Somali-Canadian families are asking what happened to their sons after a group of young men apparently disappeared from Toronto two weeks ago. They left without notice, and have not contacted home since. “They didn’t even tell their parents,” said Omar Kireh, administrator of the Abu Huraira Centre, the Toronto mosque where the men occasionally worshipped.
Canada is home to about 150,000 ethnic Somalis, according to a report by Canada’s Integrated Threat Assessment Centre. Most are moderates but the report says that, “Some Somali-Canadians have fought as Islamist extremists in Somalia.”
A circle of friends in their twenties leaving town together might not ordinarily be cause for concern, but following recent events in the American Somali community, their disappearance has set off alarm bells. More than 20 Somali-Americans who similarly vanished from Minneapolis have turned up in Somalia as members of Al-Shabab, an Islamist youth militia aligned with al-Qaeda and often likened to the Taliban.
The RCMP and Canadian Security Intelligence Service are still puzzling over their fate. Investigators have been showing photos of five men to members of Toronto’s Somali community. Ahmed Gure, who runs the Ottawa-based Somali news website Hiiraan Online, said he had spoken to relatives of the parents. He said they fear the men have gone to Somalia to fight.
A Toronto imam said yesterday he did not intend to insult non-Muslims during an address at his mosque on those who want the niqab and burka banned. Said Rageah, the imam at Toronto’s Abu Huraira Centre, said that only someone who did not understand Islam would have come away from last Friday’s prayers thinking that anyone at his mosque hated members of other faiths.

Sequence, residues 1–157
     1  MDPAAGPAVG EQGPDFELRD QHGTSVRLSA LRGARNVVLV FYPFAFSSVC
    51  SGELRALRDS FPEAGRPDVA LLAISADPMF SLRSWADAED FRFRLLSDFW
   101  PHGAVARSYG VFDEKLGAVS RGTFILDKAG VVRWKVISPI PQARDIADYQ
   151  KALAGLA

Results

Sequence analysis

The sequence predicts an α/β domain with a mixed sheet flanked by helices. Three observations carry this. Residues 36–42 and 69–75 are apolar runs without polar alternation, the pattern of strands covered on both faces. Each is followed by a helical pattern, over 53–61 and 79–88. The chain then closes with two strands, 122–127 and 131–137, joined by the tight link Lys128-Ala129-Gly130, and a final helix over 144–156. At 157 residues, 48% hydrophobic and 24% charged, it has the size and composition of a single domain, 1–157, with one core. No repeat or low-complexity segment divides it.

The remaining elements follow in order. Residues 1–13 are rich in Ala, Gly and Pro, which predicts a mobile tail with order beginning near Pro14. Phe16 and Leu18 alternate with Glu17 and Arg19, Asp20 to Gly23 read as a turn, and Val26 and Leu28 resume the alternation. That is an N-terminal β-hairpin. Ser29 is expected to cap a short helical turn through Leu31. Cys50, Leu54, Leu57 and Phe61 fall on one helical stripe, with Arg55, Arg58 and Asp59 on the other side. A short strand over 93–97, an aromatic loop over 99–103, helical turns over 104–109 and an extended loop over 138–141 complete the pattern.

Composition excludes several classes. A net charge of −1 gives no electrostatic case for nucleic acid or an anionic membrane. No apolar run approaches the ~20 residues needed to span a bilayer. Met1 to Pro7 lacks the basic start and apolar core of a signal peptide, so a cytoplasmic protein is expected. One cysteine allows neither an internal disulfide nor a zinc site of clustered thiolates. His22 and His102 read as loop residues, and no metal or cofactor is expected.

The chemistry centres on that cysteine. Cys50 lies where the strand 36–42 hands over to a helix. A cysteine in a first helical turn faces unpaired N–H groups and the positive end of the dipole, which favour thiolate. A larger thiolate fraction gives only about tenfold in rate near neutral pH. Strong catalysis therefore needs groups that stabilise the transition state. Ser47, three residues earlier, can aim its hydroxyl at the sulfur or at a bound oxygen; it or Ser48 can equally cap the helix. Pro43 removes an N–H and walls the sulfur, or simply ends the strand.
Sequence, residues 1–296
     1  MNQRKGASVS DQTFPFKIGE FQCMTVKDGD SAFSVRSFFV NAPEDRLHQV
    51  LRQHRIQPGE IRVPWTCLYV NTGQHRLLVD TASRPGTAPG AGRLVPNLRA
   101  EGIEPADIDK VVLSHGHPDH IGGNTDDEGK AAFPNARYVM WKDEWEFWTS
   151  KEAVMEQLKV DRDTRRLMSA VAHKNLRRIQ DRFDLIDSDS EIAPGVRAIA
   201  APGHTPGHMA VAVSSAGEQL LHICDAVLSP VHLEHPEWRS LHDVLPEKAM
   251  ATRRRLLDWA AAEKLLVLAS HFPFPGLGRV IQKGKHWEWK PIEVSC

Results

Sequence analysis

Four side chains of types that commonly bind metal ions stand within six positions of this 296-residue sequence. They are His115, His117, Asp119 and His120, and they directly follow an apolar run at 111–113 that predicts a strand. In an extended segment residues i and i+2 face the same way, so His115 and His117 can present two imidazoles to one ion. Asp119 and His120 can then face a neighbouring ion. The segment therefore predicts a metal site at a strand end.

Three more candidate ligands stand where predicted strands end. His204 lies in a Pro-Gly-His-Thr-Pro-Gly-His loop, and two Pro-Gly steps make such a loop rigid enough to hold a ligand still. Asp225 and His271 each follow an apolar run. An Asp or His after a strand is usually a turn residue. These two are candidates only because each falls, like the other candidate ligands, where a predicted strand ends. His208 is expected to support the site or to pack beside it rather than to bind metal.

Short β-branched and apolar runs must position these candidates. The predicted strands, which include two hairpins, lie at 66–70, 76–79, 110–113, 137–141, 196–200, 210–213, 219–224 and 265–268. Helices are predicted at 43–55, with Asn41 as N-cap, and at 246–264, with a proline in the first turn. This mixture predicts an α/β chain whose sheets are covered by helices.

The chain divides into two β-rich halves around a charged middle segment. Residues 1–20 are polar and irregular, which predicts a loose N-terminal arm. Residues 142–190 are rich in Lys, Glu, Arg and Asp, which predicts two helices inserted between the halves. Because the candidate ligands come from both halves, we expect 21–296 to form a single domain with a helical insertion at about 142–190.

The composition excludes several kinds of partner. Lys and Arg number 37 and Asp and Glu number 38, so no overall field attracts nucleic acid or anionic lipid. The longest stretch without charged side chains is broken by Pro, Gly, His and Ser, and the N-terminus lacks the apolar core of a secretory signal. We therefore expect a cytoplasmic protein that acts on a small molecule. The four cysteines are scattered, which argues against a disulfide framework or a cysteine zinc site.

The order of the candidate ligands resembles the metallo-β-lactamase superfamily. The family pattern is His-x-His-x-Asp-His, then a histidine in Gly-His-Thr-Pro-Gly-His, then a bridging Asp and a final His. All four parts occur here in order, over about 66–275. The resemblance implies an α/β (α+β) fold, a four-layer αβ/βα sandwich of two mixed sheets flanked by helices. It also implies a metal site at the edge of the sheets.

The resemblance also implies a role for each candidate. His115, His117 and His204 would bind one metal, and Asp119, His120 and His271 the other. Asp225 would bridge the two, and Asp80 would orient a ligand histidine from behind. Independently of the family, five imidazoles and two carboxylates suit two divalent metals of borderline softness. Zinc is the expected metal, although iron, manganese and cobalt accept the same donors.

Imam Rageah yesterday said in a brief interview that in both references he was not literally meaning “destroy” but rather to confound or weaken those that would infringe on their rights. In last week’s address, he used the word “kuffar” repeatedly, a word some say is highly derogatory of non-Muslims, especially Christians and Jews. Tarek Fatah, a Canadian Muslim commentator, likened the word to a racist slur. Walid Saleh, professor at the study of religion at the University of Toronto, said this week that kuffar could be seen as a neutral term.
A Toronto-area imam is under fire for using derogatory language against Jews and Christians, calling for Allah to “destroy” the enemies of Islam from within and calling on God to “damn” the “infidels.” The address by Imam Saed Rageah at North York’s Abu Huraira Centre and then posted on YouTube, is an attack on those who have been calling for a ban on the niqab and burka, both of which cover the faces of women. The Abu Huraira Centre attracts about 800 to 1,000 people to a typical Friday service.
Walid Saleh, professor at the University of Toronto, said much of what Rageah said must be taken in the context of how Muslims may use terms in the midst of a religious service. Saleh said it was important to note that he was asking his members to write letters to the government to make their objections known, and therefore clearly appreciates democratic responses to controversy.